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Gardai vote for 'blue flu' cuts protest

PRESSURE is mounting on Justice Minister Alan Shatter as hundreds more gardai vote in favour of a "blue flu" campaign in protest over proposed wage cuts.

Members of the Garda Representative Association in Tipperary and Kerry have joined colleagues in Cork and Limerick in support.

Packed meetings of members in the Dublin Metropolitan area and in Kerry have also discussed an imminent work-to-rule.

Votes on work-to-rule action are taking place in divisions all around the country ahead of a meeting of the GRA central executive tomorrow.

More than 200 rank and file garda met in Thurles last night and voted in favour of action including a "blue flu" if the Government goes ahead with proposed cuts to pay and allowances.

The meeting also passed votes of no confidence in Taoiseach Enda Kenny, the Justice Minister and Garda Commissioner Martin Callinan.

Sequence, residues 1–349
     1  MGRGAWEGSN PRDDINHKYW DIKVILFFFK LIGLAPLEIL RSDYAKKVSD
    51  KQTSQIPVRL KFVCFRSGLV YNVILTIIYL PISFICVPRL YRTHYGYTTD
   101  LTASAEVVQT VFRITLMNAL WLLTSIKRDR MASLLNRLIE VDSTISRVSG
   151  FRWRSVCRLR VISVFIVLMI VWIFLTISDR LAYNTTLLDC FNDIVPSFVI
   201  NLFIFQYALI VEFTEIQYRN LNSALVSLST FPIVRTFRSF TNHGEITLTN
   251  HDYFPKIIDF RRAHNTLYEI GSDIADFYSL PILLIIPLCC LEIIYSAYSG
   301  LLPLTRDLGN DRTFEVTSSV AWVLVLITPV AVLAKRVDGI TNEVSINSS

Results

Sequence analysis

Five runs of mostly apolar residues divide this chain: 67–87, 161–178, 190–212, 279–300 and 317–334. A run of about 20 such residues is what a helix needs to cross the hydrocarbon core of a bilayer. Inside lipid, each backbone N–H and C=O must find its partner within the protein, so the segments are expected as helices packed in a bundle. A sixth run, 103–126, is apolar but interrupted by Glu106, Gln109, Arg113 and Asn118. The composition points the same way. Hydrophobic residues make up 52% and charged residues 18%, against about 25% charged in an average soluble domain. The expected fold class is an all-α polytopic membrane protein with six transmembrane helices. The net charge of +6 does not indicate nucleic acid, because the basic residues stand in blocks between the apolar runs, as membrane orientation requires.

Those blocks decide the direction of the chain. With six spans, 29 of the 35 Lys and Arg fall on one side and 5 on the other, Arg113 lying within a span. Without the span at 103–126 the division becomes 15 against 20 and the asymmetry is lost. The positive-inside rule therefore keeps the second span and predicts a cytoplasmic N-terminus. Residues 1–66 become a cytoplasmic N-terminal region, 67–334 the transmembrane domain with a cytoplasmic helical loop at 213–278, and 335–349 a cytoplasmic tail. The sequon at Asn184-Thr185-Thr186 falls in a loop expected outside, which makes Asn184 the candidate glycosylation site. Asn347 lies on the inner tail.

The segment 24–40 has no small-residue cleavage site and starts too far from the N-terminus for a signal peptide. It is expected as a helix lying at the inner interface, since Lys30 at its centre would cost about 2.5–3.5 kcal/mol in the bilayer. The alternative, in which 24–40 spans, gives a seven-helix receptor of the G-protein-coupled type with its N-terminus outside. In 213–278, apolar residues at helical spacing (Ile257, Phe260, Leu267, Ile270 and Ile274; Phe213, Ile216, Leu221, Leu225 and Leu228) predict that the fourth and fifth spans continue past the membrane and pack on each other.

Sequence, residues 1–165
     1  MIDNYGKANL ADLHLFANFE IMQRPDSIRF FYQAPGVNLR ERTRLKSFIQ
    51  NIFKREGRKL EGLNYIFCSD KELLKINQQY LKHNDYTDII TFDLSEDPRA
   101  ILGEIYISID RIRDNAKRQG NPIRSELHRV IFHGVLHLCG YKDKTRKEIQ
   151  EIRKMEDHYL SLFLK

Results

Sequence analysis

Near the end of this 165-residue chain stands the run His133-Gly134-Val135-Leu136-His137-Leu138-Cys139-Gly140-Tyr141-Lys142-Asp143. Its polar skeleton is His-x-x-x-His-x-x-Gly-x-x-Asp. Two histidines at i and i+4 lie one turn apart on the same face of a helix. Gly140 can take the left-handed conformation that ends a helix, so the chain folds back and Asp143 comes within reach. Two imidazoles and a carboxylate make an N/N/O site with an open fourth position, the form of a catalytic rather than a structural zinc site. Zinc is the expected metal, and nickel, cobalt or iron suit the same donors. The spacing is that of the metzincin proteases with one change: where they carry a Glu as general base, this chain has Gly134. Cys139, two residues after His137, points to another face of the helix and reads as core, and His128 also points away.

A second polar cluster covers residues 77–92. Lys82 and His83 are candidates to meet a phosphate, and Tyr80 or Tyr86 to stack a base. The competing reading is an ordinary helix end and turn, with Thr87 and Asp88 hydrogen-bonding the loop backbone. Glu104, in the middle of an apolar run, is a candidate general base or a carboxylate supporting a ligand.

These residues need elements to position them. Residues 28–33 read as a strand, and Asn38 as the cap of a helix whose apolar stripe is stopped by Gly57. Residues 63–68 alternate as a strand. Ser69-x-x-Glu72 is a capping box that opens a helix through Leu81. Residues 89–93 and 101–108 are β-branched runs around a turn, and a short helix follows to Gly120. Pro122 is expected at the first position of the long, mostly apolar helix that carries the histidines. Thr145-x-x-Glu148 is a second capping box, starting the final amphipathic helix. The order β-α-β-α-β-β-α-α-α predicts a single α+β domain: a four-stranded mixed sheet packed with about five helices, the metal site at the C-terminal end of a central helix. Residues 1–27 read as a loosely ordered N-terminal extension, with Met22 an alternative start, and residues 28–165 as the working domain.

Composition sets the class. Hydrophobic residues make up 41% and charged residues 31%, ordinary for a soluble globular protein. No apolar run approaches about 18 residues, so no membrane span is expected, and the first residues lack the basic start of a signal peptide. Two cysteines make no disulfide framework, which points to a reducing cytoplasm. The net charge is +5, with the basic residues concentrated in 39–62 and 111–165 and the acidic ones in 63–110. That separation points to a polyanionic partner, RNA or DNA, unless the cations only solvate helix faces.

Last week, members of three Cork Garda divisions – Cork City, Cork West, and Cork North – also voted in favour of a work-to-rule, followed by a "blue flu" over the proposed cuts.

The "blue flu" form of protest was first used in May 1998 when large numbers of gardai took sick leave in protest over pay and conditions.

Gardai are not allowed to take formal strike action but say they feel pushed into a corner.

They are being asked to contribute more than €60m or 6pc of the €1bn required in savings under a new Croke Park deal.

But the GRA, which represents the country's 13,424 rank and file gardai, has pulled out of talks on pay cuts.

The Association of Garda Sergeants and Inspectors, which represents 2,000 officers, also pulled out of the talks a week previously.